Peter was filled with the Spirit on the day of Pentecost along with every other Christian: “All of them were filled with the Holy Spirit” (Acts 2:4). Not one Christian in the church, not one Christian in the whole world who was not filled with the Spirit. But this same Peter, a few days later, was filled again. How can you explain this? I find it useful to give two answers:

i] In times of crisis we are filled.

There are fillings of the Spirit for special seasons. Peter had already been filled with the Spirit to preach the Word of God to thousands at Pentecost. That was indispensable; he needed the Holy Spirit’s enabling, illumination, guidance and courage. Then a few days later he is again facing another crisis. The Sanhedrin which a few months earlier had condemned Jesus to death held a special meeting. They seized Peter and John and put them in prison. Luke records the scene like this in the Acts of the Apostles chapter 4:5-8, “The next day the rulers, elders and teachers of the law met in Jerusalem. Annas the high priest was there, and so were Caiaphas, John, Alexander and the other men of the high priest’s family. They had Peter and John brought before them and began to question them: ‘By what power or what name did you do this?’ Then Peter, filled with the Holy Spirit, said to them . . .” Peter was given extraordinary courage and wisdom to confront this impressive court of evil. He was filled with the Spirit to do this.

This filling of the Spirit is exactly what the Lord has promised us in Luke 12:11ff, “When they bring you before magistrates, take no thought how or what you shall answer; for the Holy Spirit wil teach you in that very hour what you ought to say.” That was fulfilled in Peter before the Sanhedrin. The Spirit filled his mind and his will and his emotions and his judgment so that he was strengthened to stand erect and lift up his voice and look them in the eye and tell them, “Salvation is found in no one else, for there is no other name under heaven given to men by which we must be saved.”

The same thing happened to Paul when he was on the isle of Paphos. The incident is described in Acts 13; Elymas the Sorceror was trying to dissuade the proconsul, Sergius Paulus, from becoming a Christian. Then Paul was filled with the Spirit (Acts 13:9) and he confronted this sorcerer and delivered a rebuke so solemn and effective that we are told about the proconsul, “when he saw what was done, believed, being astonished at the doctrine of the Lord.”

I am saying that there are crises that come into our lives, as pastors face difficult meetings of officers and church members, as a family goes through a time when one of their members has a terminal illness, when a husband loses his job and the stream of income is dammed, then, at such periods, we are under an obligation to be filled with the Spirit to face that providence. God’s answer to the suffering and the nervousness and the ignorance and poverty is to fill us with his Spirit.

Let us know this, that we are the recipients of the loving ministry of the Spirit, who spreads his gentle wings over us and hovers there yearning for our good. We are to venture forth in humble dependence on him confident that he will enable us to cope with any emergency, climb any mountain, carry any burden, overcome any temptation, endure any pain, go on through any difficulty. We cannot rely on any past experiences. Every crisis creates its own need and the Spirit meets that need. He fills us time after time as we’re challenged about keeping trusting, and keeping praying, and keeping counting it all as joy, and keeping looking unto Jesus. So there is a filling ministry of God the Spirit at times of crisis in our lives. But there is a second way in which we are filled with the Spirit:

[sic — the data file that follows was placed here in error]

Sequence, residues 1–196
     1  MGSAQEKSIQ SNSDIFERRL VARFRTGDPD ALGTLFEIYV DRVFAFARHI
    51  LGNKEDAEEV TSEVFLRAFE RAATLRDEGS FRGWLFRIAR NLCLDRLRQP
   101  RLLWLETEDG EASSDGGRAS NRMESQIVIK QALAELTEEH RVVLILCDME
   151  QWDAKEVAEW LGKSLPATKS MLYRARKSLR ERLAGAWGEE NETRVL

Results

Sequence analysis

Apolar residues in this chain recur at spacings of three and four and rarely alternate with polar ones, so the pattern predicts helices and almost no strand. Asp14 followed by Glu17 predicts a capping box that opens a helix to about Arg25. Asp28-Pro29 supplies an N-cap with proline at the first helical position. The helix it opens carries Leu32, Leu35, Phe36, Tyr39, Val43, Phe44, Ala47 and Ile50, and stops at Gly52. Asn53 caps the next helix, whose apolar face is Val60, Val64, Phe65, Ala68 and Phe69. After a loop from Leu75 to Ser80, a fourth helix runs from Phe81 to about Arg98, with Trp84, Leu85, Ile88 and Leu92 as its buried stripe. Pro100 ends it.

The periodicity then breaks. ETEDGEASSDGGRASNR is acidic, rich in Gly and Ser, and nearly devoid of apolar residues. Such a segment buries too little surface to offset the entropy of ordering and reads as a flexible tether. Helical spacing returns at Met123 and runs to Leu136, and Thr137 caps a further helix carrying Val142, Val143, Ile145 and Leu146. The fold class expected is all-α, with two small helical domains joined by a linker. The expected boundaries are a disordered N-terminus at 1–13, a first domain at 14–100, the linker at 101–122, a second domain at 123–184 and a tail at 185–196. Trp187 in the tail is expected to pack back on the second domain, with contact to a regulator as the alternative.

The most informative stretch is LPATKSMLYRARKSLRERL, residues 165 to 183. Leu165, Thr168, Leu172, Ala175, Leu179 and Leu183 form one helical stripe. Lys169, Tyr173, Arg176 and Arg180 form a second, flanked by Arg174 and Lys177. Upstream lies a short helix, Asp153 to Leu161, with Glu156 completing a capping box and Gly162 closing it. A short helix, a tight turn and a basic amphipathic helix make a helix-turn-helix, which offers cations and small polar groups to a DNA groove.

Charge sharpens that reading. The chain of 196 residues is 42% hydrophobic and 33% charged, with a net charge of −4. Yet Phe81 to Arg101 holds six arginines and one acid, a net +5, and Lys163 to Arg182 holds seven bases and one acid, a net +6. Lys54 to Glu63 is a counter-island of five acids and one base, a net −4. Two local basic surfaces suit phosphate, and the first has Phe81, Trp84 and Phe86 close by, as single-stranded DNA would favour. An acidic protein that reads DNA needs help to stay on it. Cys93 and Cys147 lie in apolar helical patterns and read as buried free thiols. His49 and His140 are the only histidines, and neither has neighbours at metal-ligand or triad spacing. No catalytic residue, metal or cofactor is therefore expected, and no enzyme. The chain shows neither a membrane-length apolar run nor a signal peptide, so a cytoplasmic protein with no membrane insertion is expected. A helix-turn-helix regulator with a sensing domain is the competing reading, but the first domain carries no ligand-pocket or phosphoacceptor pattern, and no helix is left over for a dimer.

ii] In spiritual maturity we are Spirit filled Christians.

I am thinking of the way in which Stephen is described in Acts 6:5 as “a man full of faith and of the Holy Spirit.” I appreciate what Principal Macleod once wrote on this in the Free Church Record, January 1984, “This is not a description of something instantaneous and momentary but of an abiding condition. Here is a man who never lapsed, who never declined, who never fell away. He remained, habitually, full of the Spirit. His whole character — his relationships, his emotions, his ambitions, his reactions — remained under the Spirit’s control. That is the Christian ideal and it cannot be secured by any single experience. It can be secured only by an unending succession of replenishments, very much along the lines suggested in John. 1: 16, “From his fulness have we all received, grace upon grace.”

“The Lord’s words in Mt. 7: 7ff. are also relevant: “Ask and it shall be given to you; seek, and ye shall find; knock, and it shall be opened unto you.” These words are not addressed to the unconverted. In their original setting they have nothing to do with a man seeking Christ for the first time. They have to do with established Christians seeking the Holy Spirit: “If you, then, being evil, know how to give good gifts unto your children how much more shall your heavenly Father give the Holy Spirit to them that ask him?” These people are already saved. They are already Christians. They already have the Spirit. Yet they are to ask for him. They are to seek him. And they are to do so with all the earnestness and importunity of a child seeking food. The Holy Spirit is not something God’s children can do without. He is indispensable. Nor is he something they can store up. They need more and more. They need again and again. And the only way they can ensure that they are always full is to be always asking.”